Food Labeling Bill Stirs Debate at State Capitol about Genetically Modified ProductsMay 6th, 2014
A bill requiring the labeling of genetically modified foods got an informational hearing in St. Paul.
by Tom Meersman
An emerging controversy over requiring labels for genetically engineered food arrived at the State Capitol on Thursday.
A few dozen proponents wearing green “Label GMOs” stickers listened to Rep. Karen Clark, DFL-Minneapolis, describe “a bill about the basic right of consumers to know what’s in their food.”
But opponents said that mandatory labeling would be expensive and confusing, and isn’t necessary. The stakes are especially high for large foodmakers and distributors such as Minnesota’s Cargill, Hormel, General Mills and Land O’Lakes.
“There is no safety, health or regulatory reason for such a label,” said Kelsey Johnson, director of state affairs for the Grocery Manufacturers Association.
At issue are genetically modified organisms (GMOs), produced by manipulating genes in the lab to create new varieties of plants, animals and organisms with desired characteristics, such as corn that will kill rootworm pests that eat it.
The bill would require the words “Produced with Genetic Engineering” to be placed on all packages of food with GMO ingredients that are offered for retail sale in Minnesota. Clark said it would apply to bread, cereal and most processed foods, since about 90 percent of the corn and soybeans grown in Minnesota and nationally comes from genetically engineered seeds.
The proposal is only about labeling, Clark said, and has nothing to do with banning the foods or beverages.
The informational hearing was held to “tee up the issue,” said Rep. Joe Atkins, DFL-Inver Grove Heights, chairman of the commerce and consumer protection committee. The bill won’t get further action this legislative session, he said, but may return next year if there’s enough interest.
Those lining up in support of the bill include food co-ops and natural food stores, some restaurants, the Minnesota Farmers Union and consumer groups such as Right to Know Minnesota. Opposed are many of the larger food producers and processing companies represented by the Minnesota Agri-Growth Council, the Minnesota Chamber of Commerce and the Minnesota Grocers Association.
The question of GMO labeling has popped up in several states recently and seems to be emerging nationally.
Connecticut and Maine passed GMO labeling legislation in 2013, but the requirements don’t become effective until neighboring states have also passed similar laws. Vermont’s legislature passed a GMO labeling bill this month that is not contingent on other states. Another 30 states are considering new laws or ballot initiatives that would require labeling of GMO foods.
However, a federal bill introduced April 10 would pre-empt states from passing their own GMO labeling laws, and require federal authorities to develop a national voluntary GMO labeling standard.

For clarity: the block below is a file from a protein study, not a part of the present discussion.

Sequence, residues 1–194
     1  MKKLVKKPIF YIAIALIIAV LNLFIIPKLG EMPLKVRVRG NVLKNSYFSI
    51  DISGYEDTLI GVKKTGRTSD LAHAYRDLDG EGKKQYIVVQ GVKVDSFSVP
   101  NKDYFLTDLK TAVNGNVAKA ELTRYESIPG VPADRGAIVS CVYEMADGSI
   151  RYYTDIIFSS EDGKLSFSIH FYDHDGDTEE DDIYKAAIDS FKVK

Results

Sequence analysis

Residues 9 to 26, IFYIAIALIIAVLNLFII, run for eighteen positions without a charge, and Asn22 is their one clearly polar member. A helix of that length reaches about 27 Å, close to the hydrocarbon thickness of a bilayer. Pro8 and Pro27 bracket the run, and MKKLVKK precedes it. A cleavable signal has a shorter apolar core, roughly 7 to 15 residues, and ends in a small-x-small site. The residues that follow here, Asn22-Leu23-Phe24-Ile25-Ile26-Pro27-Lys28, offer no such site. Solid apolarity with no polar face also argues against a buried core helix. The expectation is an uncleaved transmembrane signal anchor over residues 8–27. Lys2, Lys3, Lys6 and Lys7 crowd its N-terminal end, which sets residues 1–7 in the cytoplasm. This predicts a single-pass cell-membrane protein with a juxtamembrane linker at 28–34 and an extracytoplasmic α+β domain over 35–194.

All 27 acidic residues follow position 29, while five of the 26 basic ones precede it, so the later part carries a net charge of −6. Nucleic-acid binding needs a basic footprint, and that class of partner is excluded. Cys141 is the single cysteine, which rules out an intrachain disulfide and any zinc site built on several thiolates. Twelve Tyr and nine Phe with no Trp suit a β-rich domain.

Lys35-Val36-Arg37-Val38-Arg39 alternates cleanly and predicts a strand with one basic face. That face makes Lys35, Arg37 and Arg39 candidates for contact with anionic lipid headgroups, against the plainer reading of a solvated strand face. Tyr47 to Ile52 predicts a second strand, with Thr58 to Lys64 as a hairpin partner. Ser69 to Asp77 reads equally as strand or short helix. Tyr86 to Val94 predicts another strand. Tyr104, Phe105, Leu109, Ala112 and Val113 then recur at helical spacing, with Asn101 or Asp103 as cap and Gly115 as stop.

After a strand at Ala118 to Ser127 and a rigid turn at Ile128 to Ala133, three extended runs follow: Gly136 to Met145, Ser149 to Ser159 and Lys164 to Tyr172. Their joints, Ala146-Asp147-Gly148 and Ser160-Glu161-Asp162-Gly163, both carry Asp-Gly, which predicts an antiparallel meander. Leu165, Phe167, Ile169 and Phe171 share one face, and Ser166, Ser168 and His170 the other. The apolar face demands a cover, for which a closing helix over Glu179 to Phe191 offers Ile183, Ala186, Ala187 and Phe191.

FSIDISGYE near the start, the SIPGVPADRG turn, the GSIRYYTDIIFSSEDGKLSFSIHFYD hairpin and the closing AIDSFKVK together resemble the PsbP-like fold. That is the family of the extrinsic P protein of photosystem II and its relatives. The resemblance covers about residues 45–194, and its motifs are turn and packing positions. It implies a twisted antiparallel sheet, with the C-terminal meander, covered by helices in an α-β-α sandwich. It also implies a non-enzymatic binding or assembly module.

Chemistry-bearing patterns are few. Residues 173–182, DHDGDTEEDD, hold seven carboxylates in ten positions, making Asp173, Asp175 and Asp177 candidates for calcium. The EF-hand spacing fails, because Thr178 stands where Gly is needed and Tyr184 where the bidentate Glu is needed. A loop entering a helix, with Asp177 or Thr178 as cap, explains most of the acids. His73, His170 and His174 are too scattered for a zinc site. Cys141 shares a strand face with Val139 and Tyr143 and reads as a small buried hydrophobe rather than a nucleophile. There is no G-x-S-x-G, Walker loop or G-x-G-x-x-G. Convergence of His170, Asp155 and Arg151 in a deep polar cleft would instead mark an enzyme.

Liz McMann, consumer affairs manager at Mississippi Market, a natural foods cooperative in St. Paul, said shoppers ask her about GMO-free foods.
“Consumers in Minnesota are food-savvy, and we want to know where our food comes from, and how it was produced,” she said. “We’re willing to pay more for food that was produced without synthetic pesticides, growth hormones and GMOs.”
Tracy Singleton, owner of the Birchwood Cafe in south Minneapolis, said restaurant customers increasingly ask whether the food being served contains GMO ingredients.
“I do not own the patent on GMOs, and I do not profit from them,” Singleton said. “In fact it costs me time and money to avoid them, so why do I have to be the one to pay the price to assure my customers that my food does not contain something they don’t want in the first place?”
Opponents of labeling said that allowing states to pass separate laws would create a patchwork of confusing rules.
Perry Aasness, executive director of the Minnesota Agri-Growth Council, said national and international scientists and agencies have determined that GMO crops are safe and “essentially identical” to non-GMO crops.
“Requiring labeling of [GMO] foods that are indistinguishable from foods produced by traditional methods would mislead consumers by falsely implying differences where none exist,” he said.
Jamie Pfuhl, president of the Minnesota Grocers Association, said additional labeling would put grocers at a disadvantage to competitors in neighboring states and online.
“Mandating unique state labeling requirements will have adverse consequences and limit selection and drive up costs,” she said. She advocates a national standard for GMO labels modeled after the organic food standard that suppliers could put on their products voluntarily.
But Anne Tenner, an attorney for the nonprofit National Health Freedom Action, said manufacturers change labels all the time without huge costs or disruption. It’s the absence of information about GMOs on food packaging that is misleading to consumers, she said, because they want more information about what they’re buying and eating.